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ST. LUKE'S HOSPITAL

Project Title: One Chance to Get it Right
Project Summary:
INTRODUCTION:  With the increasing complexity and acuity of patients, strategies must be developed to help healthcare teams provide safe and effective care.  The use of high fidelity simulation has strong evidence in the literature that encourages hospitals to provide learning environments for their staff using multidisciplinary programs.
BACKGROUND:  One of the Institute of Medicine's (IOM) guiding principles in their report, To Err is Human: Building a Safer Health Care System (1999) is for health care organizations to develop a multidisciplinary program using simulation as a means to promote competency and clinical decision making skills (Hallenbeck, 2012). Simulation provides the novice and experienced professional with exposure to clinical situations in a controlled learning environment for complex clinical situations. The clinical educators at St. Luke's Hospital are utilizing simulation as a valid and reliable means of assessment. Simulated patient experiences are an integral part of the learning experience, enhancing feelings of professionalism and competence.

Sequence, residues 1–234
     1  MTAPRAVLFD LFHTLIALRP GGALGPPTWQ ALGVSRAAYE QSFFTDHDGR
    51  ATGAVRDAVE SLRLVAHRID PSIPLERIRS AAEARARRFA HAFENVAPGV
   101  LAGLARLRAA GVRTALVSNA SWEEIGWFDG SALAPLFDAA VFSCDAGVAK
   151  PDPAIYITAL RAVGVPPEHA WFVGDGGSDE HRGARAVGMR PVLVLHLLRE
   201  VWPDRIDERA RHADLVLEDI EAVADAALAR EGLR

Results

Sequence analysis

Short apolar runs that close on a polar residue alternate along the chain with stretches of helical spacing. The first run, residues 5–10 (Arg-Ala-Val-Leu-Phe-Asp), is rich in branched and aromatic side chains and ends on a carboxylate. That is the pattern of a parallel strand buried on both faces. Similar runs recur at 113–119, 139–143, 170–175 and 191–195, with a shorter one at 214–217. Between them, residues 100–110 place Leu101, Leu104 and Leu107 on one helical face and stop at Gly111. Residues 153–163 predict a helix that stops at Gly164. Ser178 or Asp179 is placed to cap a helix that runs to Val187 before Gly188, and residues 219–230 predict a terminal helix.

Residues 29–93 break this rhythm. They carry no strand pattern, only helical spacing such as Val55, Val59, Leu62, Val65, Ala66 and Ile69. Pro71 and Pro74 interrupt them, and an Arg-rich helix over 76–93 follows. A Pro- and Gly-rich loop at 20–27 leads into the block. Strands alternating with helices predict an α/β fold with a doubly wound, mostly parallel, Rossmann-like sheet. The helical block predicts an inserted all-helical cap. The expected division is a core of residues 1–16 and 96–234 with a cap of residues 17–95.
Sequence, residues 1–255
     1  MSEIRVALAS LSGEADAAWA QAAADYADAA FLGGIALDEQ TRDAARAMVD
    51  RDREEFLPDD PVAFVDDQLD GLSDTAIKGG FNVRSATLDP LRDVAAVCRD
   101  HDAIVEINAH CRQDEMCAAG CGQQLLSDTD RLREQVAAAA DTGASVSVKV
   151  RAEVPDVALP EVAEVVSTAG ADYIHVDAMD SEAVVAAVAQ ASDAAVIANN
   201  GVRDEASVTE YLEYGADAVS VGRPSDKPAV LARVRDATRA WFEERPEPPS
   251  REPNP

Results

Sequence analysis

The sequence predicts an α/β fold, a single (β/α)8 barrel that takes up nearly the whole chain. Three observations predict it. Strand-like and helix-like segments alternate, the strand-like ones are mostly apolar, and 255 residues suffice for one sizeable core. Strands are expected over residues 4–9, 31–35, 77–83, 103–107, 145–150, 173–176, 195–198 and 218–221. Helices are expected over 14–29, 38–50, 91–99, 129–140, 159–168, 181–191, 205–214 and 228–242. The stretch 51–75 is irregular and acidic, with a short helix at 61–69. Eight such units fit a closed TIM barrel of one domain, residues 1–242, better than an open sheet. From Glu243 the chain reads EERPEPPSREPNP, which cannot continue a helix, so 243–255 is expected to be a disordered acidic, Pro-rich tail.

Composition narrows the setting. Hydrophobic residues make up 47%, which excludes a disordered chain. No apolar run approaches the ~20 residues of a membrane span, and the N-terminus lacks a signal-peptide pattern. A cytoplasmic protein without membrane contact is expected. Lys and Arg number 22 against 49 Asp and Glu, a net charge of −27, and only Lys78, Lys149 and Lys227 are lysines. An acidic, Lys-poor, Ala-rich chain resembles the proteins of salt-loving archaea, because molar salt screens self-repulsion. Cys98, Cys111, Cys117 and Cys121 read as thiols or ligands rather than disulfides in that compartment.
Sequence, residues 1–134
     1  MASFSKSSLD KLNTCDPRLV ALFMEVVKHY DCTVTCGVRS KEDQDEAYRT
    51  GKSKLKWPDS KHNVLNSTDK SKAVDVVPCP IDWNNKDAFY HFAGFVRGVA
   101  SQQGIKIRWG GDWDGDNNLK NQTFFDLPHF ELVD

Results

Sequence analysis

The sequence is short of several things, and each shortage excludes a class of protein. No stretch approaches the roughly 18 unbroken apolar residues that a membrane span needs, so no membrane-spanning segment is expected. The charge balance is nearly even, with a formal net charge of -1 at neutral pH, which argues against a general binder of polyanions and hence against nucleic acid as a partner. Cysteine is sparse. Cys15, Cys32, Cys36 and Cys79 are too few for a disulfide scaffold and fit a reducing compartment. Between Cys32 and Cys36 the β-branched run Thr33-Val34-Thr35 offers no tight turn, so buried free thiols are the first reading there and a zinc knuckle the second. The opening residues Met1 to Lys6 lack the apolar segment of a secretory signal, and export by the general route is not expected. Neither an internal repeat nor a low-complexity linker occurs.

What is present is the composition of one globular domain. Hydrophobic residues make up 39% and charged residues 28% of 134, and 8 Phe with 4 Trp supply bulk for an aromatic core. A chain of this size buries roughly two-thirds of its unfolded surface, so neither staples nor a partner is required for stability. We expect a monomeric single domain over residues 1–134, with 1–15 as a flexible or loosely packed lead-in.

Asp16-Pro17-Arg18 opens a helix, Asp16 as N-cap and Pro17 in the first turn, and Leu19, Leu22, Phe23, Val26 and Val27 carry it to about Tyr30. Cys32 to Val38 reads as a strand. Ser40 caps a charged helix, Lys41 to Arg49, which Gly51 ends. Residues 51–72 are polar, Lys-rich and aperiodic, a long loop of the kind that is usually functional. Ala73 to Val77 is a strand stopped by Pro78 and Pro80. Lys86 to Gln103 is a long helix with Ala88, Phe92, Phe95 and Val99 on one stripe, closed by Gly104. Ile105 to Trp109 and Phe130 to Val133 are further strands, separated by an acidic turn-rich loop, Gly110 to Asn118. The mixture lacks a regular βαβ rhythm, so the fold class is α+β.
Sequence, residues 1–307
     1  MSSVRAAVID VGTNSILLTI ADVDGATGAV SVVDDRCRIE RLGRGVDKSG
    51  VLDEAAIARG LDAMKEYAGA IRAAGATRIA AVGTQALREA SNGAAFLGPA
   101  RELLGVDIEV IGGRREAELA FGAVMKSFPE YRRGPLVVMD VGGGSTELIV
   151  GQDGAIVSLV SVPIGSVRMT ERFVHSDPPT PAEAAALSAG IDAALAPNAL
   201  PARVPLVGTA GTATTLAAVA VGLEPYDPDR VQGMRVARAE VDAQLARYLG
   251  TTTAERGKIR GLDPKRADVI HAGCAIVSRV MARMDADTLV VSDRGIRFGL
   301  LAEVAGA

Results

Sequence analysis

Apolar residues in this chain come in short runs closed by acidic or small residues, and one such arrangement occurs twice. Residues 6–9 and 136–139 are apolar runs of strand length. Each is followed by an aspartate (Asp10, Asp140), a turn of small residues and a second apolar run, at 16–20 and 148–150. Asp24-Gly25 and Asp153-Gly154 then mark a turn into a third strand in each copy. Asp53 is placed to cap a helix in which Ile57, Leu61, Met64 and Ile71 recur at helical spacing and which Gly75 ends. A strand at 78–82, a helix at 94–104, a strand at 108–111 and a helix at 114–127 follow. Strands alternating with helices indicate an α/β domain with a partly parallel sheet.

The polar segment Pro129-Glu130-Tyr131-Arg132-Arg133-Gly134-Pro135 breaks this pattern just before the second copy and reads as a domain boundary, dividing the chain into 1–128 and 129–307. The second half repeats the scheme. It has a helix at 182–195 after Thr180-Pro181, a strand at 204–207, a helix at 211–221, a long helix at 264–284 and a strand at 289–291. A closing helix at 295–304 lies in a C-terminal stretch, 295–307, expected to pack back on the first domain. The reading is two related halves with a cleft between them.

CONCLUSION:  The use of simulation creates a safe environment where participants are able to identify their clinical strengths as well as areas requiring further development.  Participants reported feeling more confident in the clinical environment following the simulation experience. In addition, they found the debriefing session to provide valuable feedback. Participants rated the scenarios as realistic with strong ability to incorporate what they learned in simulation into practice.
IMPLICATIONS:  Implications of our current findings show strong support of continued use of simulation to develop advanced critical thinking skills which will lead to improved patient care and positive clinical outcomes.

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ST. MARY'S HEALTH CENTER

Project Title: Reduction in Home Medication List Errors